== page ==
Courting the Trees

| May 31, 2013 | 0 Comments
A heron is spotted in the Trees for Health Garden in Balboa Park.

A heron is spotted in the Trees for Health Garden in Balboa Park.

By Charlotte Tenney, MA Integrative Health

Selecting new trees for the Trees for Health Garden in Balboa Park  is somewhat like dating.  Friends make introductions in hopes of a good match; some are encountered by accident in the course of daily life; and then, (being a modern woman) there is a lot of online searching. My latest love interest for the arboretum is tall, dark, foreign and mysterious with an intriguing name: upas. It was the name that got me.

There I was, driving down Sixth Avenue, counting the streets in alphabetical order … Ash, Beech, Cedar, Date and so on. I reached Redwood, Spruce, and Thorn. Suddenly, there was Upas Street, right exactly where I make my turn into the park to arrive at the Trees for Health.  Obviously, due to its inclusion in the series, it was a tree. 

It turns out that upas (Anticaris toxicaria) was well known a century or ago, when San Diego was growing fast  and needed  new street names near downtown.  It was so well known that Susan B. Anthony used it as a metaphor in a speech about women’s rights. It was well-enough  renowned that the Russian poet, Puskin, wrote a poem about it and it was used as the name of a children’s Christmas book . 

The Victorian era found this tree fashionable due to the commercial exploration and exploitation of tropical areas of Africa, Java, India and parts of Australia, where this tree flourishes. Its latex-like sap was used by natives for poison-tipped arrows for hunting, its bark for making fabric for clothing and tapestries and its edible fruit prized for refreshment. Its toxic sap yielded a cardio-tonic medicine that could be used much like digitalis.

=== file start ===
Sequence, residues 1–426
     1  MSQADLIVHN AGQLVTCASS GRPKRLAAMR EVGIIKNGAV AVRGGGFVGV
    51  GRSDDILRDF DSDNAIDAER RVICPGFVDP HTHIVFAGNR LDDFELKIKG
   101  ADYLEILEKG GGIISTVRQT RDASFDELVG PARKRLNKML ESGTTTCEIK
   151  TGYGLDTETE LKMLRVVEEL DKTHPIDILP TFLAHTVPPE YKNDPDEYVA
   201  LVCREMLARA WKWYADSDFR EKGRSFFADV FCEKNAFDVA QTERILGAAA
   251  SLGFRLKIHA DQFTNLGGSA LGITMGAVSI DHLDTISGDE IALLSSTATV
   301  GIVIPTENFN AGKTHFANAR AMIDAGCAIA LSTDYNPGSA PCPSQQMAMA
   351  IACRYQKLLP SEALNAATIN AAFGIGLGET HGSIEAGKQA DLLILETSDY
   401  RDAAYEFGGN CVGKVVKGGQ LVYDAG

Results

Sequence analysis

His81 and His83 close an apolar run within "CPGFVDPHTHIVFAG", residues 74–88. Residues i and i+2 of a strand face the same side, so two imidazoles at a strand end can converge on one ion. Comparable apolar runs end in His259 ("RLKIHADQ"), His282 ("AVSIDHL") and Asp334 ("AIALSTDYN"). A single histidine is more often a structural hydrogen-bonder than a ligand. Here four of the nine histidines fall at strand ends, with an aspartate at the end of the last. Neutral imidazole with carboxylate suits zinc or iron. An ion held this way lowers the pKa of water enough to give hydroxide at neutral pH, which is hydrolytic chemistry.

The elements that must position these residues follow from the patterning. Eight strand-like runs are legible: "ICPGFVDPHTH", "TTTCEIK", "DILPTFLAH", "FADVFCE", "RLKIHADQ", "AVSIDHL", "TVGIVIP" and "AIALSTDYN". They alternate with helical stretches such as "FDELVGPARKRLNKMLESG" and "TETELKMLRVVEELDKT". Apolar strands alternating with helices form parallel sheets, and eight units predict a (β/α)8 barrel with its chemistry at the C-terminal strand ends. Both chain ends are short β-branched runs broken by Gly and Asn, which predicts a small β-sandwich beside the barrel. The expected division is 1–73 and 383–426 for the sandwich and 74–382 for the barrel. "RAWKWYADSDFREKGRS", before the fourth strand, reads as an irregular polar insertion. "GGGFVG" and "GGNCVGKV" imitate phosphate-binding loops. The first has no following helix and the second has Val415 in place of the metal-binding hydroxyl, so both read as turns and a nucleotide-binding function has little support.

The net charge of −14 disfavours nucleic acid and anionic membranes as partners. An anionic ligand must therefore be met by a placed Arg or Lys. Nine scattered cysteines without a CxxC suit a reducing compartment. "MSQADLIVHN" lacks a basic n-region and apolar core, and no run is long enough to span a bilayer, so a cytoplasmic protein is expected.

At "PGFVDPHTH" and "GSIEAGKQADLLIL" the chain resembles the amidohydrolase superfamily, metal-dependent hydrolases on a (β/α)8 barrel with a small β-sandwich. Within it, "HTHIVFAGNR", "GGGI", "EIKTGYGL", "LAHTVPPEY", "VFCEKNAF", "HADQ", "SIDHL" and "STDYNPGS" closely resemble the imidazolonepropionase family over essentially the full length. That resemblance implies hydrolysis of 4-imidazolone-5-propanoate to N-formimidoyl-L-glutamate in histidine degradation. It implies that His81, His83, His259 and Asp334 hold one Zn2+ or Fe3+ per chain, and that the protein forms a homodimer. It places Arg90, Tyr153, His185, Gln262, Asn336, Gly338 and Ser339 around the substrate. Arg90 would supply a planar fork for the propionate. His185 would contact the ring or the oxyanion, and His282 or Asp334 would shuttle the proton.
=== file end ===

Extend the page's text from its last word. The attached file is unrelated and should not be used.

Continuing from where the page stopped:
Well, you can see why I was attracted. When I did the background check on line, this upas had a lot to offer. The only draw-back has proven  to be that upas is hard to locate. Being elusive only makes it more attractive. So far, I haven’t been able to find any place that has this tree in cultivation for sale … not even seeds.  It doesn’t have a Facebook page either.

Previously I have been seduced by such colorful characters as banaba, Ylang ylang, African sausage and soap bark. Each one of these had its own fascinating story fraught with family history, industrial successes, sense of humor and a healing touch. Who would not be charmed, smitten and motivated to get better acquainted?  

Banaba is a member of the crepe myrtle family and its leaves have been used for controlling blood sugar in diabetes and used to assist in weight loss programs.  It is now available in capsule form on the supplements shelf. Ylang ylang’s flowers are distilled into a fragrant essence that was mixed with coconut oil to create “oli of Macassar” a popular hair tonic of Victorian times.  Its use was so prevalent that it forced the invention of a household item called “antimacassar,” a crocheted cover intended to absorb excess hair oils of trendy men and protect the upholstery from stains. African sausage fruit has traditionally been used for all skin ailments by native peoples and has recently been developed into an effective treatment for skin cancer. Soap bark, going by the botanical name of Quillaja, can be found as a sudsing agent in shampoo, root beer and fire extinguishers.

Yep.  I am a sucker for a good story.  If you’d like to hear some more of the tales told by the tall trees, join me at the County Fair in Del Mar. I will be there at 1 p.m., Sunday, June 16at the stage south of the horticulture building. I will gossip with great abandon about the trees that captured my heart and won my (gardening) hand. Feel free to share with me some of your own amorous adventures with arboreal specimens. 


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Category: Health & Fitness, Local News

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